I also come from a matriarchal family. My grandmother was left alone, not by choice. And then my mother as well. We lost my father when I was 16; he died. I was an adolescent figuring out that you’re not really worth much when you’re all women. People in my village stopped talking to me simply because my father wasn’t around anymore. These lessons make you stronger and make you realize how difficult it is for young women to move ahead in this society.
A lot of your songs are really iconic, such as, “Cucurrucucú Paloma.” You perform them in a very classic style, both visually and sonically. Do you have a favorite?
Definitely a song like “Cucurrucucú.” It’s really enjoyable for me to perform. It has different elements, like folkloric parts in the rhythm that are really sophisticated and complex. I work very hard on pieces like that one, and like “El Querreque” and some of the huapangos that come from this beautiful tradition of a mix of Spanish influence from Andalusia and our Native American traditions of singing. Of course, the rancheras are also very difficult to sing and have a very variable rhythm, and only the mariachi knows how that goes.
I saw you play at BRIC Celebrate Brooklyn! Festival in Prospect Park over the summer and was so taken aback by your incredible voice. There’s so much power there. How did you start developing your vocals?
Partly it’s just something that nature gives you. I remember as a child holding these long notes, so there’s something that’s already there. But I do think it’s a constant question of knowing and taking care of yourself. It doesn’t necessarily mean you can’t have a tequila or a mezcal once in a while [laughs]. In my case, it’s very important to have it because through that you express the emotion you have from within. Sometimes that gives you some more secrets about how to handle your instruments.
I had an accident many years ago, and I have a problem with my neck, and a herniated disk. I never got [an operation]; I do exercises instead. It was really difficult at first because my whole singing technique changed, my breathing and muscles. Everything is like a challenge. That’s the beauty of having an instrument and working on it constantly.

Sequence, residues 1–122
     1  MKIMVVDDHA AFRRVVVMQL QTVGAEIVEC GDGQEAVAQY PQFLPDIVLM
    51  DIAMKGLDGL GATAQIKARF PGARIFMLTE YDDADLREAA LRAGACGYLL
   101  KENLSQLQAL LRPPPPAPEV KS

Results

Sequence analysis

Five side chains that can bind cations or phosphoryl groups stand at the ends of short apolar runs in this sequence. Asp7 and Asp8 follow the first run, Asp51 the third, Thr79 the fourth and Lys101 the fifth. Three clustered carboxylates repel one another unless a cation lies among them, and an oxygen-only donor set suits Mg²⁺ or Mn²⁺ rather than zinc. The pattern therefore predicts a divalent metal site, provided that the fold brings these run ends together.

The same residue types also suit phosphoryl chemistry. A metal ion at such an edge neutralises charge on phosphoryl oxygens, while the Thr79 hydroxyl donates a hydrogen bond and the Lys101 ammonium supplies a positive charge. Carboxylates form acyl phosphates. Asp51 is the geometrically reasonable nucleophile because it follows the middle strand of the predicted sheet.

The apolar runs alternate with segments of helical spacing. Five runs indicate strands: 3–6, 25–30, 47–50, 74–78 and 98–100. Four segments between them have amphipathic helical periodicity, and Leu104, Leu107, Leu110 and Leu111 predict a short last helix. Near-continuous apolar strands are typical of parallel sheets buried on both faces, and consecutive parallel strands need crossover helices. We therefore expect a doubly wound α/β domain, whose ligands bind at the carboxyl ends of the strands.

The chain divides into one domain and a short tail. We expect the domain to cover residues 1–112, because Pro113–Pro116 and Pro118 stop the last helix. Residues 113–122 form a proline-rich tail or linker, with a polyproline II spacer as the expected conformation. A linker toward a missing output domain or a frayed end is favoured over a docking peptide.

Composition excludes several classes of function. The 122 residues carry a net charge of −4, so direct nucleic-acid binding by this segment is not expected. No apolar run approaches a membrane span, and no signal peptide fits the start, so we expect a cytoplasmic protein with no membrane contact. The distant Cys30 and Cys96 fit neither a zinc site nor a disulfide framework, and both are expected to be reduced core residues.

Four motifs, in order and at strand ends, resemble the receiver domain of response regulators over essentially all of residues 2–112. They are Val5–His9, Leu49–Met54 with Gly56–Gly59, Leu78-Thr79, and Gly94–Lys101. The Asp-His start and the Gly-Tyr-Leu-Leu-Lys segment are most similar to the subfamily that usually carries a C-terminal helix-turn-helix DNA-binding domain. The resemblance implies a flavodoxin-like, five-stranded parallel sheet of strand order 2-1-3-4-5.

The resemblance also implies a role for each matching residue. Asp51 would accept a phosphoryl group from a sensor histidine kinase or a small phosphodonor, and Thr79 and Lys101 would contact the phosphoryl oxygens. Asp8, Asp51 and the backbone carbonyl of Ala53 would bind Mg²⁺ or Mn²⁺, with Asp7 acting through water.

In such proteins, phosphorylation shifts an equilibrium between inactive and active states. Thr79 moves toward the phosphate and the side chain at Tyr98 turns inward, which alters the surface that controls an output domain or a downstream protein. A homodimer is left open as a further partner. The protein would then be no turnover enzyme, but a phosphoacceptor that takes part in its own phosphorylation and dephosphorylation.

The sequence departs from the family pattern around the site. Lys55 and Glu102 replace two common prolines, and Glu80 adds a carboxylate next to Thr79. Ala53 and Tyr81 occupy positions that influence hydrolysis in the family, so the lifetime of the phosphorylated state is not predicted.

Speaking of instruments, what’s your favorite one to play live?
The jarana is my favorite instrument now because it really sounds like something from the past‚ kind of like the granddaughter of the laud, an instrument from the Middle East. These instruments were brought to Latin America, and in Mexico they were adopted in different regions.
There are a lot of elements of tradition in your music, as you’ve mentioned. How do you balance the traditional with the contemporary, and how important is that in your writing and performance?
I feel a spiritual sense, and that sense is a connection between generations. Some of the lyrics are about connecting intuitively with Mother Earth, sometimes with our evil nature, sometimes with our goodness. I love to connect with my ancestors. Also, I need to express these concerns that are a part of my generation. And of course, that’s why this last album is about longing and the desire to succeed. It’s about ambition, neglect, and denial in terms of immigration and the U.S..
There’s a song that I wrote called “Envidia,” or envy, because I think a lot of people in the U.S. who are ignorant about Latin Americans are generally just envious of us. A lot of us don’t have it easy, but we make the best of things, and that makes people really uncomfortable. They don’t know about who we are culturally, or that we come from indigenous groups that go back in time thousands of years with beautiful languages that survive from our ancestors.
Where do you see the evolution of your music heading?
For me, I think it means being happy with myself. And doing something that matters and makes people change in their vision and in their attitude. I truly believe that we can change the world through art. That’s my main concern. I hope that music is something I’ll always do. Jazz is an important element and something that will hopefully be in our next album.